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Re: [ontolog-forum] Curation view of Ontologies

To: "[ontolog-forum]" <ontolog-forum@xxxxxxxxxxxxxxxx>
From: "John F. Sowa" <sowa@xxxxxxxxxxx>
Date: Mon, 23 Jun 2008 00:20:32 -0400
Message-id: <485F2490.1040500@xxxxxxxxxxx>
Pat and Ken,    (01)

Ranganathan's system is not an ontology, since it does not
contain any axioms.  But it is a very detailed, flexible,
and extensible classification system.    (02)

PC> Do you think that a topic classification system suitable
 > for libraries can actually serve to encode information in
 > a form suitable for automated reasoning?    (03)

Any ontology must include a classification system as a subset.
If an ontology is going to be usable for the full range of
topics that are covered by the WWW, it must include a system
of classification as broad as Ragnanathan's.    (04)

PC> Do you have any examples of how such a classification has
 > been used with an automated reasoner?    (05)

Look at Cyc.  It has a very broad classification system that
supports multiple inheritance.  Any ontology that is intended
to support interoperability among any range of systems that
access and use the WWW, must be as extensible as Cyc and/or
Ranganathan's system.  (I'm not recommending either one
exactly as is, but I do suggest that we study both.)    (06)

KL> My thought has always been I build the ontologies to relate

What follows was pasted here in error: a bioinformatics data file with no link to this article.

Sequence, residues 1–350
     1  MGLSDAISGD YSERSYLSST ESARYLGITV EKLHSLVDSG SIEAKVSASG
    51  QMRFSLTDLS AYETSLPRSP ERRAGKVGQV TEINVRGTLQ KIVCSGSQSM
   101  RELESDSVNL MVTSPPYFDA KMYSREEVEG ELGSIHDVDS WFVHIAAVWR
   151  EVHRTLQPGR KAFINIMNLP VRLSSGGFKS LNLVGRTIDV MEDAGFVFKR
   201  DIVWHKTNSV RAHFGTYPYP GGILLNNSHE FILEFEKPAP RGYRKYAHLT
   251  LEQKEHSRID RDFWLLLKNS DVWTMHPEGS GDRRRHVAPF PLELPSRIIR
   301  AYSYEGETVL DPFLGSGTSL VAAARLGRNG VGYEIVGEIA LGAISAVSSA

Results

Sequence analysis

> the various classification facets (or the values applied to
 > the facets) without having to assume a governing set of facets
 > and values for all uses.    (07)

There is no reason why you should define more than you need for
your application.  But if two or more groups want to make their
systems work together, it must be possible to embed all of them
within a broader system that can accommodate all the categories
of each.  Therefore, it's desirable to have a broader framework
in mind, even for a small, narrowly defined project.    (08)

An important reason for studying a system such as Ranganathan's
is that he had spent many years trying to work out categories
that can accommodate all the books in all the libraries of India.
So he has a system of categories that spans an enormous range,
which probably includes a large part of what is being covered
by the WWW.    (09)

I don't recommend that we adopt R's system exactly as is.  But
we should consider it or something like it as an example of how
to accommodate multiple systems interoperating across the WWW.    (010)

John    (011)

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